Anonymous that posted the following: I'm tired Ben, like you I have suffered Depression on and off now for over 15 years. I could never articulate with such eloquence the circumstances and experience of Depression. I have three young children as well I am just waiting til the youngest is finished high school and old enough to understand why his father could no longer take it in this world. Every morning I wake up I curse the world and me for being in it. My children are the only things that keep me here. I look forward to the day I can end it without having to worry about their well fare. I have a few more years left of pain and anguish, then I'll be free.

I am Ben's wife and I couldn't let your comment pass without saying anything and I really hope you read this. Please, please, please take the next step of getting the help that you so desperately need. It doesn't matter how old your children are their world would still be compltely devastated were you to not be in it. Please gather even the tiniest bit of strength that you may have, or can muster from Ben's post to seek help. Hold onto the fact that your children are here and that they love you, if they're what keeps you going, hold onto that because they are here. You are loved and are worthy of help, please seek it.

Bec Pobjie

Anonymous said...

On ya

Morganos said...

Ben, it is a fucking hard thing to go through, I've had 2 severe cases of the fear and both times I could not see a way out.
But I got out.
The clenched teeth line got me man, because I find that I notice that and see the need to reevaluate my circumstances.

You will get through it, you have to. As hard as it is to recognise now, it will pass, and you can tweak it bit by bit and get rid of that evil fucking black dog.
Take it easy man, look around and enjoy the love that your wife and kids have for you.
Life is short, enjoy the simple things....
Keep well Bro

Anonymous said...

Hey Ben, great and brave piece here today. Look after yourself. I mean it. Get good help.
As a psychologist I can tell you that sharing your story will help a lot of others; so often I see people who are compelled to get help after seeing/hearing someone they admire speaking openly and breaking down the barriers of stigma and denial or fear before seeking help.

Streetowl said...

Very brave blog.and you are not alone. Much of this could be me and my head!keep on keeping on and remember this too shall pass x

Zoe said...

Ben, thankyou.Thanksfor your honesty, your insight, and for allowing us to be privvy to something that is so deep inside, that you're scared to let it out. As many others have mentioned, you are so brave, even if you don't feel it.
I have a mother with bipolar, and a husband-to-be with anxiety depression. Whilst they may mention how the feel from time to time, it is never as articulate as you have described it. maybe they don't have the words, maybe they are to scared to say how they feel out loud. maybe they fear that monster inside will attack them , if they tell their secret.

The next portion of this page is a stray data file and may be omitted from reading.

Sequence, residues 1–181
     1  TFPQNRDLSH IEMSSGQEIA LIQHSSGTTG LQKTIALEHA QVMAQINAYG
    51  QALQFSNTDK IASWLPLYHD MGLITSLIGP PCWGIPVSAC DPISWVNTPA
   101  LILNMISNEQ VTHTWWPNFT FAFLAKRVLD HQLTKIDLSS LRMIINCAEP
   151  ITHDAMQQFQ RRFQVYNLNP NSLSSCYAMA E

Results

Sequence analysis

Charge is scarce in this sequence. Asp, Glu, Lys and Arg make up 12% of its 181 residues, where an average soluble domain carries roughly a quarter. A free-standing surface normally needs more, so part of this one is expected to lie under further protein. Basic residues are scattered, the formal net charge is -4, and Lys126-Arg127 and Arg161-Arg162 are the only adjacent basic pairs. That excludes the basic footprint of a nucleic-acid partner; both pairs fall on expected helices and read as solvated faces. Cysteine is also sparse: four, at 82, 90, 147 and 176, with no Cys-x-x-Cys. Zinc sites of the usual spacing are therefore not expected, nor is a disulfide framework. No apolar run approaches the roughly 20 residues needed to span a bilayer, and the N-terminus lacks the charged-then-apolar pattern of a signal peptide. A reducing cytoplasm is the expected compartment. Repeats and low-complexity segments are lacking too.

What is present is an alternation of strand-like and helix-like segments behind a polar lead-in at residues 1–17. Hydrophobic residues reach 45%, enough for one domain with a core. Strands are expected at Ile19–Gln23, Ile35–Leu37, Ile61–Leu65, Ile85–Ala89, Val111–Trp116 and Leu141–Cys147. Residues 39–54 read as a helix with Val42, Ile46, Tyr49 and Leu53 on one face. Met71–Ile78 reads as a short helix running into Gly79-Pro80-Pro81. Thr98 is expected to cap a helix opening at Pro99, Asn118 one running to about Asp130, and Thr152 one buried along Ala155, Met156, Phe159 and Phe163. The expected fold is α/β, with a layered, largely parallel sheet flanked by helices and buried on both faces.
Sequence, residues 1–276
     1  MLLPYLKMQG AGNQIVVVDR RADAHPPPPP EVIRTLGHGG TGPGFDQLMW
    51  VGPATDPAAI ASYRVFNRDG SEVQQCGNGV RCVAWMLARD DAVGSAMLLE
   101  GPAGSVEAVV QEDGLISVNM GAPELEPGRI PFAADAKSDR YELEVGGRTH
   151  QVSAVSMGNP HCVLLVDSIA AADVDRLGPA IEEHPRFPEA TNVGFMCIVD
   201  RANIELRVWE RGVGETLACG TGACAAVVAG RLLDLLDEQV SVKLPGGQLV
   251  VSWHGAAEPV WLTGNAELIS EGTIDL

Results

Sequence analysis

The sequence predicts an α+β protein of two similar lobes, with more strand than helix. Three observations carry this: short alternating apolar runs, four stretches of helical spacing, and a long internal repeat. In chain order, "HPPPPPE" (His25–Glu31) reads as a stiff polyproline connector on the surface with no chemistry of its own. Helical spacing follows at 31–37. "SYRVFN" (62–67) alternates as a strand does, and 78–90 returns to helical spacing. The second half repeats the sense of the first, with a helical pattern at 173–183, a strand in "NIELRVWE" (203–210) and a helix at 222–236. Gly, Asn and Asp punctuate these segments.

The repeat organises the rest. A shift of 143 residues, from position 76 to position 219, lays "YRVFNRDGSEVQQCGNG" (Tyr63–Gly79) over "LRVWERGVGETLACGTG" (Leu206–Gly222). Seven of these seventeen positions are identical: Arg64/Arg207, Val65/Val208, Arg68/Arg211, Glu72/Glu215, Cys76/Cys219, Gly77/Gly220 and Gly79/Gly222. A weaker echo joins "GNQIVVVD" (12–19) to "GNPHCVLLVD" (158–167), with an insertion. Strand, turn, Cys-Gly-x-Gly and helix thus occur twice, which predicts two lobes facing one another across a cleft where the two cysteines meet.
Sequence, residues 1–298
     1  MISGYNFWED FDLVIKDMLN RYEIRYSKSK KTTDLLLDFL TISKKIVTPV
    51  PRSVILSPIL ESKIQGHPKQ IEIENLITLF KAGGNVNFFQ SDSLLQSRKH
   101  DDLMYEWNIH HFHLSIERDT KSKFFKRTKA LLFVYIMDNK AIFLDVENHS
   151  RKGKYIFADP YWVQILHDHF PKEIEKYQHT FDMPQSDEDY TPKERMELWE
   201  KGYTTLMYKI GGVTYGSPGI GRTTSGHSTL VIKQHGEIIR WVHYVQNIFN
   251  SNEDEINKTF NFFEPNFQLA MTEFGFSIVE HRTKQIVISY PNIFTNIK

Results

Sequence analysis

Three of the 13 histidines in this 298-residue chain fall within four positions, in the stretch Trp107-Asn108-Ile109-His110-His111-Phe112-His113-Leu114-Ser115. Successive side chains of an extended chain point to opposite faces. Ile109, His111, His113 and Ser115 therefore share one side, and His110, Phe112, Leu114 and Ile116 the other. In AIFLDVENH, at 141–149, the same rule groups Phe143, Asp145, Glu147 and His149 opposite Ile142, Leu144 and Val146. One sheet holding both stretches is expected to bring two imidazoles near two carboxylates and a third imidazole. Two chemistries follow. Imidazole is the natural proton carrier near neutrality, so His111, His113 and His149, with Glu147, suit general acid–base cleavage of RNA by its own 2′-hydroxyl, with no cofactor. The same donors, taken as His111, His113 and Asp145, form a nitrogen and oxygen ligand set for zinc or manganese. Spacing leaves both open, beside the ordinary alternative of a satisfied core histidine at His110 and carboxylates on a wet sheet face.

it is so hard, to sit by and see someone suffering, without really knowing what is going on inside. Now i have a truer idea. i have often wondered if something was wrong with me, perhaps i haven't been understanding enough, or perhaps not supportive enough, but i know i have. those doubts arise when you can't take away the pain from the ones you love.
You brought tears to my eyes, and a sense of relief also. i see clearer, and maybe oneday, it may also happen for my family. xx

The Chicken said...

Hi Ben, I'm @irrellievancy - I talk to you on Twitter sometimes. Thank you for writing this. I have depression and an anxiety disorder. You're bang on the money in this entire post and I'm so glad you could put all those complex and terrifying feelings into your wise and wonderful words. Keep up the good work, and I wish you all the happiness, puppies and rainbows in the world.

Anonymous said...

Thank you so much for writing this, it expresses so many things that I also feel and can't put into words. It's been about 8 years for me now and I'm yet to fall, and I'm sure from your writing your a much stronger person than me. It will always get better.

Christine Skeels said...

Ben. For a moment there I thought you had stolen those words or many of them from my own head. You said it all, expressed those thoughts I would have struggled to put into words. Fight it Ben, it's not you it really is just an illness, one that can be cured. Sertraline and time and now I am away from those scary dangerous places my mind took me.
Good luck, you are not alone

Anonymous said...

Thank you for this post, I had a mini meltdown a few weeks ago, not as bad as yours but it's telling me that I need help, after reading this I will seek that help

Lyss said...

Wow. You have put into perfect words what I have never been able to. As heartbreaking as your words are, they have brought some sunshine & hope into my day.

You are amazing! x.

dystopian said...

This post reminds me a little of not wearing a helmet on a bicycle so you can feel the wind in your hair. A little bit dangerous, but a lot freeing.